Congress leader Jagdish Tytler, accused in a criminal defamation complaint filed against him by a senior lawyer representing victims of 1984 anti-Sikh riot cases, today told a Delhi court that he was ready to tender "unconditional apology" to the advocate to settle the matter.
However, senior advocate H S Phoolka, who is a complainant in the case, refused to accept Tytler's offer, saying "any compromise" in a serious matter like this would send a wrong message to the people.
His response came after Tytler's counsel told Additional Chief Metropolitan Magistrate (ACMM) Gaurav Rao that his client has offered to tender unconditional apology as no public interest was involved in the complaint filed by an individual.
"The (alleged) issue is of 2004. We are in 2014. Much time has expired. My client (Tytler) is in public life....and he has been not held guilty by any court...My client will tender unconditional apology," Tytler's lawyer told the court.
The court asked Phoolka whether he was ready to settle the matter and accept the apology tendered by Tytler as "it is a defamation complaint and it has nothing to do with the riots."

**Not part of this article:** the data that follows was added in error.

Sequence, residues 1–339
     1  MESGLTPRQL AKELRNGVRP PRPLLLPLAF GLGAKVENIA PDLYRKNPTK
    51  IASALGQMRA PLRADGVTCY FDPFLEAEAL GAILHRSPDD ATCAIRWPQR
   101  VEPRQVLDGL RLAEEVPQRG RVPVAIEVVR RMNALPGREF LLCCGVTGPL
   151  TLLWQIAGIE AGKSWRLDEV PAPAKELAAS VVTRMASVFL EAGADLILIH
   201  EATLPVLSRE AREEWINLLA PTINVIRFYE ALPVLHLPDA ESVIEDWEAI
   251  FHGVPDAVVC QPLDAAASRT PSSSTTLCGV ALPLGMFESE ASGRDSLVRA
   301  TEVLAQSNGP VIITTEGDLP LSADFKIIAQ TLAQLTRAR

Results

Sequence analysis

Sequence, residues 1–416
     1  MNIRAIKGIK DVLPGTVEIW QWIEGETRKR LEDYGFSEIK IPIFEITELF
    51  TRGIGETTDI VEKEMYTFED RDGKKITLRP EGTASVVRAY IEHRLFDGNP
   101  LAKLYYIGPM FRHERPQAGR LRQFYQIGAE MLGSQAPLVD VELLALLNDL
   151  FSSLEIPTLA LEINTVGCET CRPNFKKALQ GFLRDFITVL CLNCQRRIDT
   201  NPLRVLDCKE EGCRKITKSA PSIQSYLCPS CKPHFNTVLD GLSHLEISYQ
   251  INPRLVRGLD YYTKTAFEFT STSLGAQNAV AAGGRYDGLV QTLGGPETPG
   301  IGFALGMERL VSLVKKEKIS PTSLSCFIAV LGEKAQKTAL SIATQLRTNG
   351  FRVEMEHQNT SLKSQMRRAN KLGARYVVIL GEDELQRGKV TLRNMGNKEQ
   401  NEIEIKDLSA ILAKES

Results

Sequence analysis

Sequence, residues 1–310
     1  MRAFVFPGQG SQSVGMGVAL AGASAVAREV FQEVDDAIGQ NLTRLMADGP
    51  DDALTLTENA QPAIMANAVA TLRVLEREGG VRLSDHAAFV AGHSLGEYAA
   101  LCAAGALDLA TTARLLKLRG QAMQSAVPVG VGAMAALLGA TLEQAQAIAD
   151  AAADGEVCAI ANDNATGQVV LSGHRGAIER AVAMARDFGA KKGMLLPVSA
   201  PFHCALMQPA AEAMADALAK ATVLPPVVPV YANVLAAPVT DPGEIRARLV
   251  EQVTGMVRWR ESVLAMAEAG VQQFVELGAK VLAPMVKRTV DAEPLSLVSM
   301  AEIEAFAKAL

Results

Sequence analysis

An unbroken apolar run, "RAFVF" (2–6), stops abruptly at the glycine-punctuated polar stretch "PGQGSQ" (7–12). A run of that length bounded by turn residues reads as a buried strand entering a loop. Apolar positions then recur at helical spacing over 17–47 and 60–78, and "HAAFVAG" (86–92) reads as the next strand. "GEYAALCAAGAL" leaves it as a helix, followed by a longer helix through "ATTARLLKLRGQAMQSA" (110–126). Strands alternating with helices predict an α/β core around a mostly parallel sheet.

Phoolka, however, did not accept the suggestions of the court and said, "The matter is of great importance and any settlement will send a wrong message among the people. I can not settle the matter and any compromise is not possible."
"I will not do this (settlement). Whatever you (judge) want, you may decide but settlement is not possible at all," he said.
During the arguments, the court asked Phoolka to bring on record the telecasted interview, in which Tytler had allegedly defamed Phoolka, in the form of VCD/DVD so that it could go through the same to ascertain the facts.
"It has transpired that part of the allegations are oral testimony and part are in the form of transcripts in electronic video cassatte....I have to go through the cassette and verify the transcripts," the judge said.
"...the complainant (Phoolka) is directed to place on record the telecasted interview in the form of VCD/DVD and if it is not possible to get the original CD, then VCR should be brought or the video cassette on record should be converted into CD, a copy of which should be given to the accused," the court said and posted the matter for further hearing on August 2. (More)